General Pencil Co. is best-known as one of the oldest pencil companies in the United States, and one of the few that are still making pencils right here in the US of A — Jersey City, to be precise, where they’ve been making pencils for 127 years. They’re not a one-trick pony though, because pencils aren’t all they make. One of the most important features of the graphite pencil is that it is erasable; naturally, then, General’s has several eraser products, including this cute little guy: the All Art eraser.
I originally picked the All Art up because, why not? They’re cheap. They’re cute. You can never have too many erasers. Sadly it has been overlooked as it languished in my to-review drawer, overshadowed by its relatively gargantuan neighbors. Until now! It’s time for the General’s All Art to shine on the big stage. Let’s see if it can hang with the big boys, shall we?
Hey man, we all make mistakes. Some of us more so than others; that’s why one of the reasons I love writing with pencils is that they’re erasable. But we pencil geeks know that once you get into the realm of exotic pencils — Asian pencils, “drawing” pencils, etc. — sometimes they don’t actually come with an eraser. Of course, even those of us who stay safely within the realm of #2 “school and office” pencils and have an eraser always at our penciltips know that not all erasers actually, well, erase. So I reckon if I’m going to write a blog that focuses heavily on pencil reviews, I should review a few erasers while I’m at it.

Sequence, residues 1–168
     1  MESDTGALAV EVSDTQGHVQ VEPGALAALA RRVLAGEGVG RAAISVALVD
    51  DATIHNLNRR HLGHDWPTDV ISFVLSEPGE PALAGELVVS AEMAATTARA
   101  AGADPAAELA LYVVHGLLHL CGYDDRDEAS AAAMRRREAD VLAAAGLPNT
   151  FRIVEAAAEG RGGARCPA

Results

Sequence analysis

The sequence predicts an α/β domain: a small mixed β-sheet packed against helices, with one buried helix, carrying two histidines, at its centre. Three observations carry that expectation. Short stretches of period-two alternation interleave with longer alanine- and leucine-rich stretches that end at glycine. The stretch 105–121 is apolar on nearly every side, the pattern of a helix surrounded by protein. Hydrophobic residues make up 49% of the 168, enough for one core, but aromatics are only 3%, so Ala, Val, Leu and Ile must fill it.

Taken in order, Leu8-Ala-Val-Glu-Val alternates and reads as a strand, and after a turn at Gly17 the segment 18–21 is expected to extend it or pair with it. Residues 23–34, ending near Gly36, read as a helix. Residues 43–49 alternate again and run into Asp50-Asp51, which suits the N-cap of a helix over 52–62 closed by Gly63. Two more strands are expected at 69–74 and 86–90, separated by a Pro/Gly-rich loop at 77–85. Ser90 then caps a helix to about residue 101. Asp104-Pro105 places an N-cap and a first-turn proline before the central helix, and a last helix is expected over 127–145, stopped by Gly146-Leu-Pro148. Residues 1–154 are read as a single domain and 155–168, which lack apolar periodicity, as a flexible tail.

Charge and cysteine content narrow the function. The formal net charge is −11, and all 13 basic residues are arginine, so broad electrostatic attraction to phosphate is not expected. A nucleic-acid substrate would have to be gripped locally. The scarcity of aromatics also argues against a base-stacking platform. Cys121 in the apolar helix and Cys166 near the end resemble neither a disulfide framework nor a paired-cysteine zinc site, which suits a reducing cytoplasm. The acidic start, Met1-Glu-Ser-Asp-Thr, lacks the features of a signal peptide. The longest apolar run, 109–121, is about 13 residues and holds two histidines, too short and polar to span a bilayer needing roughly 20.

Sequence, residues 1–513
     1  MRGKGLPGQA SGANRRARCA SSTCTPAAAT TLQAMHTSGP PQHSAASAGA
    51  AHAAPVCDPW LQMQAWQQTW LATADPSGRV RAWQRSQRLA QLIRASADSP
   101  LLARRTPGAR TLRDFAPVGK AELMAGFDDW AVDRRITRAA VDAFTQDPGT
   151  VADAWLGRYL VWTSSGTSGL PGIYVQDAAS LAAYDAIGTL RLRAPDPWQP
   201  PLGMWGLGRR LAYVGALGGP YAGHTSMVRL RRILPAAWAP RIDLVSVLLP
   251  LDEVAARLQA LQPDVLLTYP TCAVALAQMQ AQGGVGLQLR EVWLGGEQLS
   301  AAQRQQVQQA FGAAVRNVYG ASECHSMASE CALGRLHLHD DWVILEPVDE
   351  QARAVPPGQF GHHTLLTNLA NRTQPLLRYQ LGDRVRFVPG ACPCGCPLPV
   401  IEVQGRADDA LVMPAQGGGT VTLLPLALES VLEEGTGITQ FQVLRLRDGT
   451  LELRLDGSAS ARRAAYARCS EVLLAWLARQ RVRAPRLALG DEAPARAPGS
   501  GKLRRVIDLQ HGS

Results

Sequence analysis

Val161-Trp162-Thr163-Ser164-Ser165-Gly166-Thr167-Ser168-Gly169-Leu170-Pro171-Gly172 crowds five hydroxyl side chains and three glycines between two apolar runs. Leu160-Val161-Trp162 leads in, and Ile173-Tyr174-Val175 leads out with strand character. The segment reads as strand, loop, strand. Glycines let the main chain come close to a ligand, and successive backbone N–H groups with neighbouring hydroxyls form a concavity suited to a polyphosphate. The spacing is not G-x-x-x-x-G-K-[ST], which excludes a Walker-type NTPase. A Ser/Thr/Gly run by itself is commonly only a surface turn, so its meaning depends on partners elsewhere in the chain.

What’s a good review without a benchmark? Something ubiquitous, middle-of-the-road, and easily obtainable to compare against, which you, dear reader, are probably familiar with? With those criteria established, I ran across the street to the office supply store and picked up a three-pack of the most cliche eraser I could find: the Papermate Pink Pearl, which will be the subject of my first eraser review.